Data professionals are in such high demand that even trainee data science roles are now commanding salaries which exceed the pay of junior doctors, lawyers and dentists as more and more organisations wake up to the power of data insight.
According to the Mana Search 2020 Salary Report, demand continues to outstrip supply with data scientists, engineers and analytics professionals, in particular, being in high demand.
While a recent study from recruitment firm Aquent exposed a creative industry “junior job market crisis” fuelled by a Covid hiring freeze for industry newcomers, the data industry is seeing demand soar. And, as the volume of data collected increases exponentially, the number and variety of roles in data science are also increasing significantly.
The Mana report shows that despite some regional growth, London remains the data capital of the UK, with more than half of all jobs based in the capital. There are concentrations of data roles in larger cities such as Birmingham, Manchester, Oxford and Cambridge, while other notable cities include Guildford, Brighton and Milton Keynes. Some start-ups in smaller towns are willing to pay above market rate to attract talent but the number of job openings is limited.
London’s dominance is characterised by the highest average salaries for all data roles reaching £77,000, up from £66,000 the previous year.
Data analyst positions, typically considered to be the entry-level for careers in data and analytics, pay much less on average than data scientist and data engineer jobs. But the skills shortage is driving huge salary rises for all entry-level roles, with the average junior data scientist receiving £49,843 a year (up 27.7% from last year), while junior data engineers earn an average of £46,250 (up 12.7%) and junior data analysts get £38.732 (up 4.5%).
By comparison, a dentist with less than three years’ experience can expect to earn £45,000 a year, while a lawyer with similar experience gets £32,000 and a second year foundation (junior) doctor gets £34,000.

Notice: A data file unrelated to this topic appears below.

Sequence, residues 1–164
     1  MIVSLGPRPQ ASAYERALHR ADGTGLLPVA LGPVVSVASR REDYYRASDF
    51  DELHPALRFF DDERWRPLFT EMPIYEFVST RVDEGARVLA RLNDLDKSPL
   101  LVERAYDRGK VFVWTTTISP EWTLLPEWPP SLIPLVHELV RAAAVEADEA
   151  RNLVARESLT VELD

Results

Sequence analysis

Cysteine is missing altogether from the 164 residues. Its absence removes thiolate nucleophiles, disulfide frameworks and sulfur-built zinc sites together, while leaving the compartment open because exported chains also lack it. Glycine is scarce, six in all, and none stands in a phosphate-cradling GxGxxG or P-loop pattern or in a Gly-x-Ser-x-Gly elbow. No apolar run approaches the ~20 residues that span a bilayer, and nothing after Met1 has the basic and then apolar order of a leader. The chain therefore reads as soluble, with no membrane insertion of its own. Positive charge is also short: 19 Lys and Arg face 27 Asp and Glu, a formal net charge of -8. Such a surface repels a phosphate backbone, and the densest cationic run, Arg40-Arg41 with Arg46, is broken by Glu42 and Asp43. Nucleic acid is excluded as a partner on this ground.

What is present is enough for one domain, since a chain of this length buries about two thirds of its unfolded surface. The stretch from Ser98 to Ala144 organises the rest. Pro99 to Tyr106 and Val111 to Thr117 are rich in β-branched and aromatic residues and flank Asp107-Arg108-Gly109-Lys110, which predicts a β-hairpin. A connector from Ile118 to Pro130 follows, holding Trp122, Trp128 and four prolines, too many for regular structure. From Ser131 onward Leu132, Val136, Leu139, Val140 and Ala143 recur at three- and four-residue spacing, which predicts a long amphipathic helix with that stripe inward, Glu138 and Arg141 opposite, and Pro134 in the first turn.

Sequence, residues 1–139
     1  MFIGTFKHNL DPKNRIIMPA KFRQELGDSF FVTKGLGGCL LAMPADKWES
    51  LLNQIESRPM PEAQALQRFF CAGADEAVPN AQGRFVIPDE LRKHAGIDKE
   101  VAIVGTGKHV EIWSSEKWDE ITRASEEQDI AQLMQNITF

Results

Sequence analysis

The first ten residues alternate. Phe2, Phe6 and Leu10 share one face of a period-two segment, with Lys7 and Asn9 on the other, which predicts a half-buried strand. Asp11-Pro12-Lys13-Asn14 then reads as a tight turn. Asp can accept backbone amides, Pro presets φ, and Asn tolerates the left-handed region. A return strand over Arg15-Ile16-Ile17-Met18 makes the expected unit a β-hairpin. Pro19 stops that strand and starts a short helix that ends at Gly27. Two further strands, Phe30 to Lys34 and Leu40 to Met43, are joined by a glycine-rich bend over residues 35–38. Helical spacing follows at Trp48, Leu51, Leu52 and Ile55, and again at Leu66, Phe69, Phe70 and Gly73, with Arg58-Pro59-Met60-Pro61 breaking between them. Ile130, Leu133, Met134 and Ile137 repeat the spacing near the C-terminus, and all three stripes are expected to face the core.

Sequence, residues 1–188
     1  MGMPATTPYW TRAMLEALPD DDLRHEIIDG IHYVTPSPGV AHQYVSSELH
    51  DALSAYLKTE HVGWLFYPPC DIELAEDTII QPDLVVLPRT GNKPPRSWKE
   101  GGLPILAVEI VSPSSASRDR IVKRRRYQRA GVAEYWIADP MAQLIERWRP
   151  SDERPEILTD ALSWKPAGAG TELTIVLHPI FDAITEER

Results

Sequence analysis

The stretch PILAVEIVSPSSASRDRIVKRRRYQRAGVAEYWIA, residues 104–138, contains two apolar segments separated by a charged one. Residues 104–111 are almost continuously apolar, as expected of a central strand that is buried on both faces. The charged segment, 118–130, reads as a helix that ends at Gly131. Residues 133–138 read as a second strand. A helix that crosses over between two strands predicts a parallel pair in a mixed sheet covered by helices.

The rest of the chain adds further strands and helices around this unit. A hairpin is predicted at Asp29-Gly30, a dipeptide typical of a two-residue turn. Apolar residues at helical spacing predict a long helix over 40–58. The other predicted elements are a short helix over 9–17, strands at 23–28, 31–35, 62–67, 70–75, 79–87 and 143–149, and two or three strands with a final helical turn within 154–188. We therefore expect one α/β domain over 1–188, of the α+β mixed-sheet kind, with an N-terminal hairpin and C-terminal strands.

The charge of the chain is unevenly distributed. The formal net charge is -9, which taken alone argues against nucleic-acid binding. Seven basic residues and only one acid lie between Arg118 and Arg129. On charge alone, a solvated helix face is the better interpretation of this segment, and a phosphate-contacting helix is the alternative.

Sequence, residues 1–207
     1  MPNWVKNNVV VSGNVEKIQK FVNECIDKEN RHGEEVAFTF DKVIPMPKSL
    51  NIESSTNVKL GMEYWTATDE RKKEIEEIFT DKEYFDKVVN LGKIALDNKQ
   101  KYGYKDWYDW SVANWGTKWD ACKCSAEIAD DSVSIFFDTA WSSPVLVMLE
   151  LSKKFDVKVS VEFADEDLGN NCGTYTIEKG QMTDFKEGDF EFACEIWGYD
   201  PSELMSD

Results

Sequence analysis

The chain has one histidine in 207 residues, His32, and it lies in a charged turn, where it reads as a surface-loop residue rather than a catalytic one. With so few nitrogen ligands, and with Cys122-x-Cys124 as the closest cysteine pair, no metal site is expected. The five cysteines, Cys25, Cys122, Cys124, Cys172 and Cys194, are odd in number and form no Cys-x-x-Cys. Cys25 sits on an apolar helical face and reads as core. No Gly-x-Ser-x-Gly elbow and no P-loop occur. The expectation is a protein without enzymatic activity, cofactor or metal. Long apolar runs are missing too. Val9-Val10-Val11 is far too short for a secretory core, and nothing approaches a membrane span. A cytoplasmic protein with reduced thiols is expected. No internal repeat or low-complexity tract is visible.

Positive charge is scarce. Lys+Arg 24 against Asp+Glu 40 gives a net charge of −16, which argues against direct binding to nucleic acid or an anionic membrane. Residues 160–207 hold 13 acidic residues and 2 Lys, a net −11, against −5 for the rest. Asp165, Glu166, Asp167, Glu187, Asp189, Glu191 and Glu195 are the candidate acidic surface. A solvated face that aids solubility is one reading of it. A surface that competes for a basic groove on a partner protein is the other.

Further up the career ladder, chief data officer and lead data engineer roles offer salaries of up to £200,000.
The report also examines in-demand skills across data science. For entry-level data analysts, the most in-demand skill is Excel (demanded by 52% of job ads), followed by SQL (34%) and Python (16%). For data scientist roles, Python is becoming a must-have (66%), followed by Excel (35%) and SQL (30%), while for data engineers it is SQL (63%) followed by Python (55%) and AWS (39%).
The report states: “Our report shows a strong year for careers in the growing data sector undaunted by the Covid-19 pandemic. The central driving force behind the demand for data professionals is the continued growth of the fintech sector.
“Banking, credit and lending with the sector requires a high level of specialism in data insights which have enabled a number of high-profile firms to scale bespoke customer experiences.
“Significantly, while these skills have always been highly sought-after, until relatively recently only large, established enterprises and digital natives have been prepared to make the required investment. Now, companies are increasingly aware that they simply cannot compete without a data offering of their own.
“As demand continues to dramatically outstrip supply in the talent market, we fully expect salaries to climb further.”
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